Well, The Phoenix is famous in the British comics community, partly because it features some of the best comics talent in Britain and partly because it is one of the few serialized story comics for kids still going in print. I’ve been an advocate for “literary graphic novels” for adults since the 80s but I also know we need more gateway drugs like The Phoenix to get kids hooked on comics as an art form. The Phoenix is a best-of-class publication and so I got a contact, flew over from Tokyo to Oxford in the UK, and sold them on the idea of doing a digital version for the iPad using Apple’s Newsstand service. We’re immensely proud to be involved with such a marvelous publication!
What challenges did you face in adapting The Phoenix to digital media, and how did you address them?
One key challenge was creating a Newsstand app environment that worked well—so many don’t. When Newsstand works well it’s magical. You subscribe and each week, whilst you’re asleep, a new issue is downloaded to your iPad and you wake up with a great new comic to read. We wanted to make things completely simple and intuitive: you always subscribe with the latest issue (but can buy back issues), the library and store page are combined, the current issue is displayed nice and big, your notification settings are upfront and clear… It’s the combination of hundreds of little details like these that result in a smooth user experience.
For the comic itself, a new technical challenge was handling double-page spreads. All other comics apps just chop them up into two pages if you’re reading in portrait, or reduce the whole thing down to a teeny size. We implemented a “floating” double-page spread so you can smoothly move across the whole spread without a page break. And if there are panels on that spread you can double-tap to zoom into them. And then finally you can tap on a button to see the whole thing in landscape if you want to. Double page spreads on a tablet are tricky and I think we deal with them better than any comics app out there.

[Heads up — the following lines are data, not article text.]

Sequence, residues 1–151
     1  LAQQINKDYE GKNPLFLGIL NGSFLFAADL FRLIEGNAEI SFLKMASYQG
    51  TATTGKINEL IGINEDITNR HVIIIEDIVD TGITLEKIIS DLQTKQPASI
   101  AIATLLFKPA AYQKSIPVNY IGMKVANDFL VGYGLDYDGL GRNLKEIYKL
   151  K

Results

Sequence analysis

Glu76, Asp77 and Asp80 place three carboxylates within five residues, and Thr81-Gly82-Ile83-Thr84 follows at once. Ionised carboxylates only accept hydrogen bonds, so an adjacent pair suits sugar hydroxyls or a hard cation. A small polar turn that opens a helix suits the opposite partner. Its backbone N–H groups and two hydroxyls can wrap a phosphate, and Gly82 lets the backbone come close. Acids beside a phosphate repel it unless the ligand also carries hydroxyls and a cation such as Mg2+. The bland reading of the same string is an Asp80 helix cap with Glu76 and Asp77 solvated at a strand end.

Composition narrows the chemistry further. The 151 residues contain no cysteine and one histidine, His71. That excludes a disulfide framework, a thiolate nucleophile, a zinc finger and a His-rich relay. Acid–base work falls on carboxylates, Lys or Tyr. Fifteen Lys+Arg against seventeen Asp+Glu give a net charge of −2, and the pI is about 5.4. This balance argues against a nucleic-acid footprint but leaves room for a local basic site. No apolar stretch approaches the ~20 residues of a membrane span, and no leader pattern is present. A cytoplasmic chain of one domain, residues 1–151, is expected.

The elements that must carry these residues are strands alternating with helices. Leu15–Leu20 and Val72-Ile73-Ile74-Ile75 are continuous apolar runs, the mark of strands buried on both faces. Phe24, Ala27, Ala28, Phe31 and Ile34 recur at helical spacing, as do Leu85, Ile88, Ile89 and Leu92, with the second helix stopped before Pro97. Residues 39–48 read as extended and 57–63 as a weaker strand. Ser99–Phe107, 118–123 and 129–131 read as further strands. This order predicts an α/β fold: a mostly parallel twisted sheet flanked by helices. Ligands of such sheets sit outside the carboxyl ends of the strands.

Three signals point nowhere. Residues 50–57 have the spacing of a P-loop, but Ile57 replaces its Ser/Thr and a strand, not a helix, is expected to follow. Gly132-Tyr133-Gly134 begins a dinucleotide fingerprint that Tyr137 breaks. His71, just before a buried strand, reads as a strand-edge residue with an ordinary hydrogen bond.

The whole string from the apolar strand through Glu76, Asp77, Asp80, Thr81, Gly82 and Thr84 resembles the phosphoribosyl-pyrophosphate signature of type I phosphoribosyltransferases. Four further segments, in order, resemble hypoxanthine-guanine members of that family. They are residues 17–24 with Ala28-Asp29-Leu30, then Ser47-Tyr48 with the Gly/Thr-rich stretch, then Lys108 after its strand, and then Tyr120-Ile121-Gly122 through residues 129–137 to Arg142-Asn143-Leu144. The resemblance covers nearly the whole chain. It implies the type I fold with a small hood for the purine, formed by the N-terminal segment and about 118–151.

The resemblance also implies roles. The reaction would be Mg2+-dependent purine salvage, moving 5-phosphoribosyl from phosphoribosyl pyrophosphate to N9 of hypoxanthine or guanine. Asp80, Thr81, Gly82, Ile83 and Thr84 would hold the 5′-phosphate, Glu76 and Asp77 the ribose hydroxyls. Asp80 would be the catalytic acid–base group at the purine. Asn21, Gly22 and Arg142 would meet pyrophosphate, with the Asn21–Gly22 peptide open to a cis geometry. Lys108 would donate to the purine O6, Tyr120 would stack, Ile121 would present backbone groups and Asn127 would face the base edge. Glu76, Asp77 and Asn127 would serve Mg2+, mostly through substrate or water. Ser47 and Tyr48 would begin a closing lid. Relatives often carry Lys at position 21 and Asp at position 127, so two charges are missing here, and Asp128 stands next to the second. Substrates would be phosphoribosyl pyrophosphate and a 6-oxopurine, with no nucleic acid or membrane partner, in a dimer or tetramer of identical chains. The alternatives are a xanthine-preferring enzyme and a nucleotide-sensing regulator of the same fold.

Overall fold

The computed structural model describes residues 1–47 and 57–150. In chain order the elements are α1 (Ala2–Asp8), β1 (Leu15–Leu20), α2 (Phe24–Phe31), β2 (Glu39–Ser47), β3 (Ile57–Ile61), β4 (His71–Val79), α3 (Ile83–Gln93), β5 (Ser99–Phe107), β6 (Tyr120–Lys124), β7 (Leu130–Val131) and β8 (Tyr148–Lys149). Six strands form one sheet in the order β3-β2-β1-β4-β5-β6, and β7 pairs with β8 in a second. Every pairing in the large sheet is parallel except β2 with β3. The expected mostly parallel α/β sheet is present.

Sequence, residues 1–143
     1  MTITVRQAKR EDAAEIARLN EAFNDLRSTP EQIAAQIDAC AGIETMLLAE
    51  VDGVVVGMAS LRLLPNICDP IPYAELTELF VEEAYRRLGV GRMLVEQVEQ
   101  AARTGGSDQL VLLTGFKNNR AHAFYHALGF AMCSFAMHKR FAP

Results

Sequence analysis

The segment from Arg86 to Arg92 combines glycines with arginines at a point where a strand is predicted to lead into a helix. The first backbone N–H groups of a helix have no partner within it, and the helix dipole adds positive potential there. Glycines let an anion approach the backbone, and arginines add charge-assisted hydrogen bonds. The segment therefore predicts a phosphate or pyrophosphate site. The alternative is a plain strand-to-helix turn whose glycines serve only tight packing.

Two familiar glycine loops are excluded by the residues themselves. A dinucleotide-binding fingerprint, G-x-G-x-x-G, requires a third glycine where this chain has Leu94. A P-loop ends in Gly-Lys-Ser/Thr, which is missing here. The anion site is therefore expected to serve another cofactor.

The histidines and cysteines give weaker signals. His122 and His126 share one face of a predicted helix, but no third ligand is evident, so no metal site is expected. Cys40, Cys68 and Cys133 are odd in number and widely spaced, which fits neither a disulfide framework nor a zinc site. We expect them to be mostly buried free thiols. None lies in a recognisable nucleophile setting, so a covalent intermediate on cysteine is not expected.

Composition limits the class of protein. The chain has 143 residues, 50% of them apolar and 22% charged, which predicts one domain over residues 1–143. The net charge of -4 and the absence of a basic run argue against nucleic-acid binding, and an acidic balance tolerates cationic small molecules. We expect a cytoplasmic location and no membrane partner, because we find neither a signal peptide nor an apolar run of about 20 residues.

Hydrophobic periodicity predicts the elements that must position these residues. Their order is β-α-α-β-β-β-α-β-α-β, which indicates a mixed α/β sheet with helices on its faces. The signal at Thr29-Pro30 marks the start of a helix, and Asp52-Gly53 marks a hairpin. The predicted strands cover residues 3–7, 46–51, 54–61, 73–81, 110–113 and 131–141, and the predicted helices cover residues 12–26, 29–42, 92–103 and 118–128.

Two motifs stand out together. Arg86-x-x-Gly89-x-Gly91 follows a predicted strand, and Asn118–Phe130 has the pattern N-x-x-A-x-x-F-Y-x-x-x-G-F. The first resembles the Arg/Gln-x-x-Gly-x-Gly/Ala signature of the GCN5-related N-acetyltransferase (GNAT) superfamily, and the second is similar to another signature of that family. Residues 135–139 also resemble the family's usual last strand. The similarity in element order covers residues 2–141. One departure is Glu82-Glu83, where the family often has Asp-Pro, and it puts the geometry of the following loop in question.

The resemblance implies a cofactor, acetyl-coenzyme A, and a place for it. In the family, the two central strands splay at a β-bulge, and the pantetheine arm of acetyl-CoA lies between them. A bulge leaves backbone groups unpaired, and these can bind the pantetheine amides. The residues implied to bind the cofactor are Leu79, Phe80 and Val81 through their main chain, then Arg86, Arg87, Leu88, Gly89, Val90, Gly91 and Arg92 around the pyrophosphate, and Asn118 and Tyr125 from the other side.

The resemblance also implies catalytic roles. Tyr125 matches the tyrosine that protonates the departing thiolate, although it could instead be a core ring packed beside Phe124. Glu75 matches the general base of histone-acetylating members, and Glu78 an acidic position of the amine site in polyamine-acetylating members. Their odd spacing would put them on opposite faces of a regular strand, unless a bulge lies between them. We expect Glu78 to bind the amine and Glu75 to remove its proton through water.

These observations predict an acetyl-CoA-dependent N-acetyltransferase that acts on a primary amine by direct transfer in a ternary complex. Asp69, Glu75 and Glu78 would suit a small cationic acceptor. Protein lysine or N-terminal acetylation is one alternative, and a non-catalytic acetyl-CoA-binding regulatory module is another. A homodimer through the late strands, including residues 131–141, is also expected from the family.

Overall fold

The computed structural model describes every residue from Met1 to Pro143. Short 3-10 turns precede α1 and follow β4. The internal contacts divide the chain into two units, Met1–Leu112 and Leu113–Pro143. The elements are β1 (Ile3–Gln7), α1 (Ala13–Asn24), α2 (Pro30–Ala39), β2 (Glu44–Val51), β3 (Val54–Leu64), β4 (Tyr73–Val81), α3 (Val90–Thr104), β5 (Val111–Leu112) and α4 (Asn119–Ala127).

What changes did you make to your standard interface to accommodate the fact that your primary audience is children?
Well, we design our user experience for people over sixty, so seven-year-olds have no trouble at all… I’m not really joking here… If you get much younger than seven (Phoenix readers typically range from 7 years up) then you’re looking at larger buttons and a different approach to user interface elements—our educational apps for toddlers look completely different. Of course, the Phoenix graphics are kid-friendly, as is the content, and we added a “Something Cool” button which pops up with specially-designed content. Mostly static at the moment but that area is able to handle animation, video, sound, and interactive elements. Keep an eye out for some great stuff coming up…
What features are you proudest of in the Phoenix app, and what do you wish you could do differently?
With our educational apps one big concern is ease of use and creating a delightful user experience, and this has translated into the platforms that we create for comics. No frustrating sticky screens, no pixelation permanently available navigation buttons, a special Contents screen that includes both story titles and thumbnails of that section, a clean, clear intuitive user interface, a Panel Mode that work smoothly without pixelation or sudden jerkiness… Woodrow Phoenix, the artist and editor of the acclaimed Nelson book summed it up with “Panel Nine is the first digital comics app that doesn’t make you want to punch someone in the face…” Bob Heer over at Four Realities called what we do the “Gold Standard” for digital comics apps. With The Phoenix we introduced the aforementioned “floating” double-page spreads and the “Something Cool” screen which allows a variety of media types.